Industry News | March 31, 2011

Are C-Stores Really That Much of a Threat to Fast Food?

Though convenience stores have presented a rising threat of competition to quick serves over the last couple of years, new data on customer perceptions shows that the threat might not be so serious after all—at least, not yet. 

A new report from Mintel shows that 33 percent of people who have never purchased food at a c-store say it’s because they perceive such foodservice offerings to be low quality.

Further, of non-c-store shoppers, 64 percent say they rarely or never consider buying food at a c-store; 32 percent say the food is not appealing to them; and 35 percent say there are better food options nearby.

Despite numbers that suggest c-stores have a huge hill to climb, Eric Giandelone, director of foodservice research at Mintel, says the c-store segment is not being overrated as a threat to quick service.

“Usage is probably a little bit lower than what people would have wanted at this point,” Giandelone says, but he adds that Mintel is still projecting c-store sales to grow 4.1 percent in 2011.

“There is an opportunity for c-stores to overcome these [negative] perceptions, and that is [by doing] things that companies like Sheetz or Wawa—some of the ones that are doing a really good job on foodservice—do,” he says, adding that breakfast programs, premium coffee beverages, and made-to-order sandwiches are foodservice offerings that can attract new customers.

Giandelone says c-stores also should focus more attention on marketing, especially through social media, in order to convince shoppers of their potential.

“The main reason people don’t go to c-stores or have never gone to c-stores for foodservice is because they just don’t consider it,” he says. “It doesn’t even register as an option. Obviously there needs to be some promotion, and some building of awareness of what the offerings are.”

Still, c-stores may never have some qualities of quick-service restaurants that make those restaurants so popular.

“An advantage that fast food has that is a little bit hard for c-stores to accept is they’re actually more convenient than convenience stores,” he says. “They have a lot more locations [and] you can go through the drive thru; you don’t even have to get out of your car.”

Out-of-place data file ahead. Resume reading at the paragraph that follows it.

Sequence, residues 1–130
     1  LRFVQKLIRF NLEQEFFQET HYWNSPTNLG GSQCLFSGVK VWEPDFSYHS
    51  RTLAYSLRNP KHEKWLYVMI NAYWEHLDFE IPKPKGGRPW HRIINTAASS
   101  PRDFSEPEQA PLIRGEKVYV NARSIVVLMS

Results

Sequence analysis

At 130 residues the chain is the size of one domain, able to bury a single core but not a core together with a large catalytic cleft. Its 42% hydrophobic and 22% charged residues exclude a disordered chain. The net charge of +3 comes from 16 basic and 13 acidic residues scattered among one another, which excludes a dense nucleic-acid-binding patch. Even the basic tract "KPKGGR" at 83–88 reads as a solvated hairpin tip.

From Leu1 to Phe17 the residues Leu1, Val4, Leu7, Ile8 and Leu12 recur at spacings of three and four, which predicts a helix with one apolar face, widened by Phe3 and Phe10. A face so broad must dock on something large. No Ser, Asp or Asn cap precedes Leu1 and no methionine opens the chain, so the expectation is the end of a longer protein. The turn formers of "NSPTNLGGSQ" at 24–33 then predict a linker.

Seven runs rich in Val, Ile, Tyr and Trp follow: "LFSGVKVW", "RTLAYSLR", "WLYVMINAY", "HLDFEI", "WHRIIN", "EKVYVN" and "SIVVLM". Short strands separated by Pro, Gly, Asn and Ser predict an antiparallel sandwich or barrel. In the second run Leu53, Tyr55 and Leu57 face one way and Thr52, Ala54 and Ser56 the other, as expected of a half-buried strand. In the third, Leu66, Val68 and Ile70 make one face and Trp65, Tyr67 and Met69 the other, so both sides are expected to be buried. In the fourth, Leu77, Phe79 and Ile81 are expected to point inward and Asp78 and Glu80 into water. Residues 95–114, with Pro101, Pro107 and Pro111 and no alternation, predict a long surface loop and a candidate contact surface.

By Sam Oches

News and information presented in this release has not been corroborated by QSR, Food News Media, or Journalistic, Inc.


I think complacency here is a mistake for chain operators. I was having lunch with my daughter today who's living in the big city, and she was surprised at how much food the local CVS is selling.Come to my panel at NRA called "Channel Blurring, The Brave New World of Foodservice," and hear what food industry expert Steven Johnson has so say about the rise of the Grocerant niche. His focus is going to be on fresh food within the evolving C-store sector. The food photos from his presentation alone with be the wake-up call the restaurant industry needs. The panel is Sunday May 22, 2011 at 2 PM.Don't say we didn't warn you about the coming changes.

WaWa and Sheetz provide quality food because they have invested where others are reluctant to go: in the labor and technology.C-stores continue to improve their ready-to-eat offerings, but it's quality can only go so far - it may never match freshly prepared food. And for that you need in-store labor.WaWa and Sheetz have determined that the extra sales and profits from food can pay for the extra labor costs. They also facilitate their employees' focus on food prep by reducing their time on other tasks, e.g., order taking, by utilizing touchpads. And they set high standards for quality ingredients - and deliver.Little doubt they have taken share from traditional QSRs in their markets.

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